bHLH TFs constitute one of the largest TF families in Arabidopsis, with 147 members including bHLH84 [28]. bHLH84 has three alternatively spliced variants according to available expressed sequence tag (EST) data (Figure 2B). Based on sequence analysis, At2g14760.2 encodes a truncated protein without the C-terminal bHLH DNA binding domain, while the other two variants encode full-length proteins [28]. However, when the coding region of bHLH84 was amplified from cDNA of WT plants and sequenced, only At2g14760.1 was observed, suggesting that At2g14760.1 is the dominantly expressed version.

To further investigate the contribution of bHLH84 in plant immunity, knock-out analysis of bHLH84 was carried out. A T-DNA allele of bHLH84 (SALK_064296) was obtained from the Arabidopsis Biological Resource Centre (ABRC). As shown in Figure 2B, the T-DNA inserts in the first exon of At2g14760.1. As a consequence, the expression of bHLH84 was abolished (Figure S1A). SALK_064296 was thus assigned as bhlh84. When bhlh84 leaves were challenged with virulent bacterial pathogen Pseudomonas syringae pv maculicola (P.s.m.) ES4326, they exhibited similar bacterial growth as WT (Figure 2C), indicating that the immune response is not compromised in the knock-out mutant.

To investigate whether genetic redundancy masks the function of bHLH84, we carried out a phylogenetic analysis of bHLH84 and its paralogs. As RSL2 (ROOT HAIR DEFECTIVE 6-LIKE 2) is the closest paralog of bHLH84 (Figure 2D; [29]), a T-DNA knock-out line for this gene, SALK_048849, was obtained from ABRC. As shown in Figure S1B, no expression of RSL2 was detectable in SALK_048849, which was named as rsl2. Double mutant bhlh84 rsl2 was created and subjected to pathogen infection experiments. As shown in Figure 2C, the bhlh84 rsl2 double mutant did not exhibit resistance defects either. As RSL4 (ROOT HAIR DEFECTIVE 6-LIKE 4) is functionally redundant with RSL2 in regulating root hair growth [29], we further created the triple mutant by crossing bhlh84 rsl2 with rsl4 rsl2, which was characterized by Yi et al., 2010 [29]. The triple mutant bhlh84 rsl2 rsl4 still did not exhibit obvious defects upon infection with P.s.m. ES4326 compared to WT plants (Figure 2C), indicating that knocking out bHLH84 and its two paralogs does not compromise basal defense responses. Since no good T-DNA mutant line was available for bHLH139, we were not able to test higher level of redundancy using knockout approach.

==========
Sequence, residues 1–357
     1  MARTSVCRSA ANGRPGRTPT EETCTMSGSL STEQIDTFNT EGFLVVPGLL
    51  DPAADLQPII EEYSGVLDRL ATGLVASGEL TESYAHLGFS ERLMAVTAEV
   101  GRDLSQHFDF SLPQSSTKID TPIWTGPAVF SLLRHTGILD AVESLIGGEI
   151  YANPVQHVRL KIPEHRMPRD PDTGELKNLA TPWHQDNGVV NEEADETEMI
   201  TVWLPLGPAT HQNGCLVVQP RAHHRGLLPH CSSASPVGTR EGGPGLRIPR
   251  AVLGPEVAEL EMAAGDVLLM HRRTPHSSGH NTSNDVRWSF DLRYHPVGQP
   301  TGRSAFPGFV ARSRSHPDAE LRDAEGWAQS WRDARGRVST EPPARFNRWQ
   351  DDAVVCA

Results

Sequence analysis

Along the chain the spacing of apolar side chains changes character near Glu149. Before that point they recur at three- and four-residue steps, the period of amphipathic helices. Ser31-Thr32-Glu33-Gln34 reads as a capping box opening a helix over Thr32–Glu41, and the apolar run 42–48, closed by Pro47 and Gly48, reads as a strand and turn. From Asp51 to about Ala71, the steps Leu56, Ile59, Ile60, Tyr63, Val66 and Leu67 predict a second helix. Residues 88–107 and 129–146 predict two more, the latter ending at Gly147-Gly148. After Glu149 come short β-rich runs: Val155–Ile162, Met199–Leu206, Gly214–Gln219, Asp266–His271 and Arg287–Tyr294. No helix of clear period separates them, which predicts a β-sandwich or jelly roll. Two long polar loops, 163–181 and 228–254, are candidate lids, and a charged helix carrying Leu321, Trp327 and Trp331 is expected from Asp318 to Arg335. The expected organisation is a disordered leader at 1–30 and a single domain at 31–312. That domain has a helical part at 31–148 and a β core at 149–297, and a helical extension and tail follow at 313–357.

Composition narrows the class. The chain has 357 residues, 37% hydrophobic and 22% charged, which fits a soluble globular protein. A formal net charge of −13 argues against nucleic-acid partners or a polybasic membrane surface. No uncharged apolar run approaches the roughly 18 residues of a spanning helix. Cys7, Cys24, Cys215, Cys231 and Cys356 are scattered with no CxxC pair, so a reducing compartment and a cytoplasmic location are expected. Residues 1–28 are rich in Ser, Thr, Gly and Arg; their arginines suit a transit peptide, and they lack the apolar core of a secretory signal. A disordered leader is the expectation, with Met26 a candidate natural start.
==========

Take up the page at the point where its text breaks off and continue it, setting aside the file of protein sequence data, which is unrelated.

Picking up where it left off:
To further examine the contribution of these TFs in specific R protein mediated immunity, we challenged single, double and triple mutant plants with Pseudomonas syringae pv tomato (P.s.t.) carrying either avrRPS4 or hopA1, which are effectors recognized by TIR-NB-LRR proteins RPS4 and RPS6, respectively. As shown in Figure 2E, significantly more P.s.t. avrRPS4 growth was observed in bhlh84 rsl2rsl4 triple mutant plant, while no detectable difference was observed when the TF mutants were challenged with P.s.t. hopA1 (Figure S2), suggesting that these bHLH TFs contribute redundantly to RPS4-mediated immunity.

Simultaneously knocking out bHLH84, RSL2 and RSL4 partially suppresses the autoimmunity of snc1

To investigate the biological function of bHLH84 and its paralogs in snc1-mediated immunity, we crossed bhlh84 rsl2 with snc1 and isolated triple mutant snc1 bhlh84 rsl2. The dwarf phenotype of snc1 was not suppressed in the triple mutant (Figure 3A). We further crossed snc1 bhlh84 rsl2 with rsl4 rsl2 [29] and isolated quadruple mutant snc1 bhlh84 rsl2 rsl4 from the F2 generation by genotyping bhlh84, rsl4 and snc1 loci. The quadruple mutant plants were significantly larger than those of snc1 (Figure 3A). Consistent with the morphological suppression, the expression of PR1 and PR2 in the quadruple mutant was significantly decreased compared to snc1 plants while only slight reduction was observed in the triple mutant (Figure 3B). In addition, when the quadruple mutant seedlings were challenged with H.a. Noco2 and P.s.m. ES4326, more pathogen growth was observed compared to snc1, although the resistance was not restored to wild type levels (Figure 3C and 3D). Taken together, the bhlh84 rsl2 rsl4 triple mutant partially suppresses snc1, suggesting that bHLH84 and its paralogs are functionally redundant and required for the autoimmunity of snc1.

<i>bhlh84 rsl2 rsl4</i> partially suppresses the autoimmunity of <i>snc1</i>.